UK economy grew by record 16% in Q3 but still recovering from crash

Britain's economic recovery from its coronavirus crash was quicker than expected in the third quarter, according to official data, which again showed government borrowing soaring to pay for the coronavirus crisis.

Gross domestic product grew by a record 16.0 percent from July to September, revised up from a previous estimate of 15.5 percent, data from the Office for National Statistics (ONS) showed on Tuesday.

But that still did not make up for its 18.8 percent slump in the second quarter, when much of the economy was shut down.

Britain's economy was hit harder than most others by the pandemic, which has led the deaths of more people than any other country in Europe after Italy.

The economy almost ground to a halt in October, according to previously published figures, and the Bank of England thinks GDP will shrink again in the fourth quarter as worries about the December 31 deadline for a Brexit trade deal with the European Union compound the damage from COVID-19.

"November's surge in borrowing is unlikely to be reversed much over the next few months as the ongoing COVID-19 restrictions keep many businesses closed," noted Capital Economics analyst Thomas Pugh.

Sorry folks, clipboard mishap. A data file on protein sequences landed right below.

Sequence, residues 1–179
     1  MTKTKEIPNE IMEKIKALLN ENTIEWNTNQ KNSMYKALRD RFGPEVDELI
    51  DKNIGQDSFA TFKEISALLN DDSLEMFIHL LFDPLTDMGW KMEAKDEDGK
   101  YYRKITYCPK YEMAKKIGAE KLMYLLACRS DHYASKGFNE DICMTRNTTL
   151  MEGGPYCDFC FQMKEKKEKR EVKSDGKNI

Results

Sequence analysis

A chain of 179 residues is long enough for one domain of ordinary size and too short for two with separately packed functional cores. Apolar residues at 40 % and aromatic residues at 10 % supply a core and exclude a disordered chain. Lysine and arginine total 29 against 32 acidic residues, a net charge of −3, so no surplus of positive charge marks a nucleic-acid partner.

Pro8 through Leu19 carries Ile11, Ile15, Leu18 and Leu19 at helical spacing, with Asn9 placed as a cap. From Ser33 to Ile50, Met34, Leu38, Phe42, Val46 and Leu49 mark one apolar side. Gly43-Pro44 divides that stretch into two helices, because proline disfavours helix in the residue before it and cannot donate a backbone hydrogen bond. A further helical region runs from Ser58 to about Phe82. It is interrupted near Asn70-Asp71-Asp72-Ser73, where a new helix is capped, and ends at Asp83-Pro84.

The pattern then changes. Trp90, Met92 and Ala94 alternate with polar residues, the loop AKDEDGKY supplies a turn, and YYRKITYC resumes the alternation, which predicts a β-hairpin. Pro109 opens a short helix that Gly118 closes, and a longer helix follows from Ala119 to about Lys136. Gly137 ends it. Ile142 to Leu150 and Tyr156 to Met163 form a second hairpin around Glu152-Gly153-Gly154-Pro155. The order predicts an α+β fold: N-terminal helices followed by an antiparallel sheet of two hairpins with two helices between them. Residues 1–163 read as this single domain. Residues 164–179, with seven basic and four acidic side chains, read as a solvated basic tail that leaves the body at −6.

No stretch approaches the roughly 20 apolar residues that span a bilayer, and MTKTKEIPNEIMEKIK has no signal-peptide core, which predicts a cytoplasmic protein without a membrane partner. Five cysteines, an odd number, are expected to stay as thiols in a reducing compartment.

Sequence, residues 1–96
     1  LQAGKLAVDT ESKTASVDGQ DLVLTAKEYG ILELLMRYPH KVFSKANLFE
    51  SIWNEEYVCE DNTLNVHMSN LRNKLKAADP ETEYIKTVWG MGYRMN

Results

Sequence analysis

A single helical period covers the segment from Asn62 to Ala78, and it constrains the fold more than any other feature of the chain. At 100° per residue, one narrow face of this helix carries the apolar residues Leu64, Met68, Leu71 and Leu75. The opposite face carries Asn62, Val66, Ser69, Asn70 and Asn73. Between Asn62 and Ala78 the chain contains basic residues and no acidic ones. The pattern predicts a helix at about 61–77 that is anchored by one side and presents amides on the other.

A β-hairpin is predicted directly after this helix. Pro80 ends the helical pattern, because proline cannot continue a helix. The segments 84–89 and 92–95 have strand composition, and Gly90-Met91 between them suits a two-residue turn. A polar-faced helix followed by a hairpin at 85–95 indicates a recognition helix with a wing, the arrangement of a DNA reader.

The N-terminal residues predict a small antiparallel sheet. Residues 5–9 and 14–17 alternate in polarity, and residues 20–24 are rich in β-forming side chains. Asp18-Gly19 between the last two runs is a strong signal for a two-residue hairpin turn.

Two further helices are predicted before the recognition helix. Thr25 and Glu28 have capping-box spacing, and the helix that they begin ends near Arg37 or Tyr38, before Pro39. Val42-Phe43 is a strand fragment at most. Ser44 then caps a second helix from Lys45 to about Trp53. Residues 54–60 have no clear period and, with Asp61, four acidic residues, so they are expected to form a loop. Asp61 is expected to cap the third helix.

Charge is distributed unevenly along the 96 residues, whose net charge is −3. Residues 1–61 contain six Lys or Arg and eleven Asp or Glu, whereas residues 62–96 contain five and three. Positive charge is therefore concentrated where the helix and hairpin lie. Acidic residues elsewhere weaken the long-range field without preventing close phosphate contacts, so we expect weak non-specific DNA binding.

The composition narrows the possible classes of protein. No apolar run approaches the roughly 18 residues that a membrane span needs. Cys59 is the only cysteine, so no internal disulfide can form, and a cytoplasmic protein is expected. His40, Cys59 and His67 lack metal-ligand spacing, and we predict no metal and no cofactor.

"This will only increase talk of how to pay for the crisis, but the successful rollout of vaccines next year and a rapid rebound in GDP could mean that the deficit returns to its pre-crisis level within the next few years without the need for much fiscal tightening," he added.

The ONS said Britain borrowed a record 241 billion pounds ($323 billion) in the first eight months of the financial year, nearly 190 billion pounds more than in the same period a year earlier.

Public debt stood at almost 2.1 trillion pounds or 99.5 percent of annual economic output, the highest debt-to-GDP ratio since 1962, the ONS said.

Finance minister Rishi Sunak reiterated his pledge to tackle the huge shortfall, but not immediately.

Sunak's economic plan includes a freeze on pay rises for some public sector employees, a decrease in foreign aid, and an increase in the national living wage.

"When our economy recovers, it's right that we take the necessary steps to put the public finances on a more sustainable footing so we are able to respond to future crises in the way we have done this year," he said in a statement.

(With input from AFP)

(Cover: A man was seen walking out of a London underground, December 21, 2020. /CFP)

Source(s): Reuters

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